The analyst team at Boots analyse these customer buying behaviours, thus finding out what type of products intrigue the card holders, as well as the non card holders. By doing this, they can create a report for the marketing team, and tell them what can be done to entice non card holders to join the Advantage Card scheme. They can also find out what products are selling the most between the two categories of buyers, and find out new ways to sell their products to the four groups of promotion buyers, the deal seekers (only seek promotion deals), stock pilers (who buy in bulk when the items in promotion then don’t bother coming back when they are not), the loyalists (the ones that buy the products a little more when they are on promotion then revert back to their normal buying habits) and the new market (customers that buy the product when they are on promotion and then continue buying the products when they aren’t.

This report will now analyse the Boot’s strategic position by evaluating using different methods.

Strategic Evaluation

Swot Analysis

Using Swot Analysis, I will now analyse the organisation’s current position.


Boots is a powerful pharmaceutical and cosmetic retail brand. It has a reputation of having great deals compared to other stores, and has a wide range of products in store. It has grown substantially from being a one-store shop in a city to being a continental brand (by merging with Europe’s biggest cosmetic and pharmaceutical brand Alliance UniChem). By merging, the company has become the biggest cosmetic brand in Europe, and has the entire infrastructure in place to make it a successful and big brand. The company has a good IT system which was created and run by IBM which is one of the world’s biggest IT company in the world, and uses it’s IT infrastructure to analyse what products are being sold the most, the most popular and customer’s buying behaviour, using the loyalty card scheme the backbone of this. By doing this, the analyst team at Boots use this information to give these loyal shoppers deals and it therefore eventually makes profit. The company uses its vast financial profits to invest time and money in training people and retaining a development team. By doing this they have people who know what they are doing, therefore have an advantage over other brands who do not consistently train and invest in their employees. The company’s online shopping is a great help to people who cannot go to the store because of their disability/being old. Their online prescription feature allows the user to order their prescription drugs online and delivered to them. This reaches out to more people, and especially to those with disability who cannot go to their local pharmacy, and get it delivered to their door the next working day.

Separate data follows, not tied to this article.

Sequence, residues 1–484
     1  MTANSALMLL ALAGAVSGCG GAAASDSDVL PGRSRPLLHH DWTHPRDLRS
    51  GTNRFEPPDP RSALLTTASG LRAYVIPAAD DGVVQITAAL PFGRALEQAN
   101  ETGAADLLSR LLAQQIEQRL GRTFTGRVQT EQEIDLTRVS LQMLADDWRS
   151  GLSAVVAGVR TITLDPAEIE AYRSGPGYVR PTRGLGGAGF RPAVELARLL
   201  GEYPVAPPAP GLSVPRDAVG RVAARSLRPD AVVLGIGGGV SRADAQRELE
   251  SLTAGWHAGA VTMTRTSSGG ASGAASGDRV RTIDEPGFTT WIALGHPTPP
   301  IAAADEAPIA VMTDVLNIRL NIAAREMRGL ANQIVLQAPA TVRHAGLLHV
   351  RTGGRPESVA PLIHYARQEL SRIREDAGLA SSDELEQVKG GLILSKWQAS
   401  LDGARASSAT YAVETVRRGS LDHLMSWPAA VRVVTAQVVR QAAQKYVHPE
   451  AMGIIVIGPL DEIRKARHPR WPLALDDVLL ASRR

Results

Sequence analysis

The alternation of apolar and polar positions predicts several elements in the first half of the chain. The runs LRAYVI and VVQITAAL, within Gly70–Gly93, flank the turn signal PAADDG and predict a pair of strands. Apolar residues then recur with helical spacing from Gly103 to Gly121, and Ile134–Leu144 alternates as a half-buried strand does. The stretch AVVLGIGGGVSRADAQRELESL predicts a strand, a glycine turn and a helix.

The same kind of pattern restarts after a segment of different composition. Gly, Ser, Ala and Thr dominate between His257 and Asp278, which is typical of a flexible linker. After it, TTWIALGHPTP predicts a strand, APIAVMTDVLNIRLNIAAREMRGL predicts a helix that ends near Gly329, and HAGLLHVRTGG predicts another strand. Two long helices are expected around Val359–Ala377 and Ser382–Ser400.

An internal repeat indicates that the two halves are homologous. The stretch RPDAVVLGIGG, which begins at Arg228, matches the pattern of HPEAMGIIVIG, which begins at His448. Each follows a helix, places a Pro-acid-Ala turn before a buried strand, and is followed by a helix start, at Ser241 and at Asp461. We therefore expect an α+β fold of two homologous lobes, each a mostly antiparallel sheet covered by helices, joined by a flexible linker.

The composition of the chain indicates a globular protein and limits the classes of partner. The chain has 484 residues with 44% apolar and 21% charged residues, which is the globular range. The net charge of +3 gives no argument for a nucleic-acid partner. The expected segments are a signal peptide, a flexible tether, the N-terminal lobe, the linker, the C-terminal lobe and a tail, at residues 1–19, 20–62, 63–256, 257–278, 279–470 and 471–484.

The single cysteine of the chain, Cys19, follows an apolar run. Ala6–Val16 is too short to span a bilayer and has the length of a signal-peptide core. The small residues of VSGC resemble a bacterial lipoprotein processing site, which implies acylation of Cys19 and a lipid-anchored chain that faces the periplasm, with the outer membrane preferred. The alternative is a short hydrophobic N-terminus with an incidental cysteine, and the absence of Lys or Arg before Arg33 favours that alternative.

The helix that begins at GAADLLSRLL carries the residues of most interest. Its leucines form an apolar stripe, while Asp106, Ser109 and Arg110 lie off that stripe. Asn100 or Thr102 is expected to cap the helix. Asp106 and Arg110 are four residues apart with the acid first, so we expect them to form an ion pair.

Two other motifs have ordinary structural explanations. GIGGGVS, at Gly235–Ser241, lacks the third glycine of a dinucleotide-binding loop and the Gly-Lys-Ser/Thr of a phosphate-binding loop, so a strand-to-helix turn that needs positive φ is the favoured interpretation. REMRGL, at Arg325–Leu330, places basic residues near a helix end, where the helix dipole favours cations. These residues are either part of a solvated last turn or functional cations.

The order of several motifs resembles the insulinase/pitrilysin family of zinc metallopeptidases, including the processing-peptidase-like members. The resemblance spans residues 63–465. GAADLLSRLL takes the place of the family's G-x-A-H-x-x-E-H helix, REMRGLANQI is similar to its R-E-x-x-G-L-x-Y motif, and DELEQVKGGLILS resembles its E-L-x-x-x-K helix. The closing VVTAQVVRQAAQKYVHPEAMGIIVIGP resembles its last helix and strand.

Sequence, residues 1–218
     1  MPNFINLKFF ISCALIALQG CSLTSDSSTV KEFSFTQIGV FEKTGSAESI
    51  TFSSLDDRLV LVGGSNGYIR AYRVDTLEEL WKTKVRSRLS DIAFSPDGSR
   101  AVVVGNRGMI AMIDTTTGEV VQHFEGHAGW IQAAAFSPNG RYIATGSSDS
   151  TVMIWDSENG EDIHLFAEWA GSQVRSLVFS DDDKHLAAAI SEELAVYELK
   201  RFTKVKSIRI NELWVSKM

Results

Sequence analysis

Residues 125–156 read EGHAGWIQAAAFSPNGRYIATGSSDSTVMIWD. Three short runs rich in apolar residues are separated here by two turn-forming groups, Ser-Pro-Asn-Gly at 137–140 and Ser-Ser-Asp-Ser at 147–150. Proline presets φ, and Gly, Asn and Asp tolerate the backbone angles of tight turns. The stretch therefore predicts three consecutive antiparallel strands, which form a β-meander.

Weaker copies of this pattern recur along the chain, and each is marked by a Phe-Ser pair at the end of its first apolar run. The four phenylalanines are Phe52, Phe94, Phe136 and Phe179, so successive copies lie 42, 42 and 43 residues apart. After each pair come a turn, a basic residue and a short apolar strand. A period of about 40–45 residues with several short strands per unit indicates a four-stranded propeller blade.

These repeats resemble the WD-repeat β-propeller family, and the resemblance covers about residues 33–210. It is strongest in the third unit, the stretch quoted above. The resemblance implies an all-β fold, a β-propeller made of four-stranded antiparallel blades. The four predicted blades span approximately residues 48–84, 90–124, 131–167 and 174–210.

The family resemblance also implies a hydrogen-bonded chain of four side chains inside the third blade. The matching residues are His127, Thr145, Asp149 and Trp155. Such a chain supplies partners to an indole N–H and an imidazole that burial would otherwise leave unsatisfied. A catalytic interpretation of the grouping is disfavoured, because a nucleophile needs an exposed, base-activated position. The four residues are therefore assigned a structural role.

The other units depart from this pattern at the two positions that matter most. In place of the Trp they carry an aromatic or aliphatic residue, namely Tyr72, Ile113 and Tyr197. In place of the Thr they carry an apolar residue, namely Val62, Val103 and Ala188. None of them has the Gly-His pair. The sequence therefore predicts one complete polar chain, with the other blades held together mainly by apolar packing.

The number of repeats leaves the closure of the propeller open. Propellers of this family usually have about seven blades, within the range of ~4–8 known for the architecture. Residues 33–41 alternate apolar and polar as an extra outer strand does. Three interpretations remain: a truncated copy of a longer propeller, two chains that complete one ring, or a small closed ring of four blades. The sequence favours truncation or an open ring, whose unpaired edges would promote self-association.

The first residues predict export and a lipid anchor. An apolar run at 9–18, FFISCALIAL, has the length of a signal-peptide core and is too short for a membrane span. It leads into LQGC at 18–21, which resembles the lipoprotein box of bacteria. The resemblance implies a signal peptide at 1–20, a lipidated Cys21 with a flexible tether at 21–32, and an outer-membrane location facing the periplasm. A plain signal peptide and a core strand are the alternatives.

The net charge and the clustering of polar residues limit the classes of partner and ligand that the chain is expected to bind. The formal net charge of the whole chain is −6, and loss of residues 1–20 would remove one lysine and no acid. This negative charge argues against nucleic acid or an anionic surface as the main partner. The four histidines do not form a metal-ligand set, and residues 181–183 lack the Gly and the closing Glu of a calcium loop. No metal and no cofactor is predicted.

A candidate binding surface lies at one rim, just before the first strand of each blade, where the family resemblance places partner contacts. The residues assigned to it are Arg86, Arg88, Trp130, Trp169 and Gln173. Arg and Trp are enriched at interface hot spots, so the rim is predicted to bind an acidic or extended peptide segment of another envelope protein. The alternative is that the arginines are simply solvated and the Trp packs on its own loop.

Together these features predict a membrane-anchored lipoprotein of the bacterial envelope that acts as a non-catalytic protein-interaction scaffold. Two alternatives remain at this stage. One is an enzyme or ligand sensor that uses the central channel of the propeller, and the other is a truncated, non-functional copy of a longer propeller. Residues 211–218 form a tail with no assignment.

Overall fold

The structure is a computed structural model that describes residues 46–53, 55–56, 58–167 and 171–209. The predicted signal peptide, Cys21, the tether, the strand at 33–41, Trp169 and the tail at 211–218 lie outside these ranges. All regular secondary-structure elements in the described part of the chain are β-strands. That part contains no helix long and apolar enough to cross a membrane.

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Though Boots is one of the biggest brands in UK and Europe, it still is not Global like some of the company’s rivals. The system that is in place could cause error hen external influences such as recession affects shoppers. It may set the trends of customers and forecasts but not necessarily forecast the trend for recession and other external influences. Like most other companies, the year of 2009, which was mostly hit by recession and VAT went down to 15% to help people with this downfall, affected businesses. Their loyalty card system is showing the customer buyer behaviour, but is it really taking into account the recession period? People are buying less and less and therefore targeting customers that used to buy these products, and offering them deals that they may not buy due to the recession, will adversely affect them, the buyer and the company. Other external factors that contribute to their weaknesses are interest rates and inflation. By this going up each year, it makes the product prices go up also. This affects the trend in buying. Will people buy the same product they bought cheaper the year before? The loyalty card scheme may help towards this problem, but will casual buyers end up buying it here or go and buy it from a pound shop.

In terms of company image, Boots are well known only in UK, whereas the company uses a different name in Europe due to Boots not being an universal word and Alliance is a universal word in Europe and UniChem is the name of the company they merged with, thus giving them profits but not actual name recognition. The company have recently moved their brand to the USA. The company is also known as Alliance Boots, and their pharmacy over there is called The DrugStore. They do not have shops in USA, but sell their products in department stores or normal drug stores/pharmacies. But because their American website does not allow online shopping, only advertising the brand, and they do not have any outlets in America, they are missing out on huge profits as America are one of the highest prescription drug users in the world. It may be good distribution but making outlets will sell more. If the company was to merge with an American pharmacy/cosmetic/pharmaceutical company, they could slowly introduce their brand to the American market and make it global. The IT system needs to be enhanced so it can cope with this expansion. The brand in the UK also only have shops in high streets, maybe making more stores like Tesco have with their Tesco Express branches, they can reach out to more people.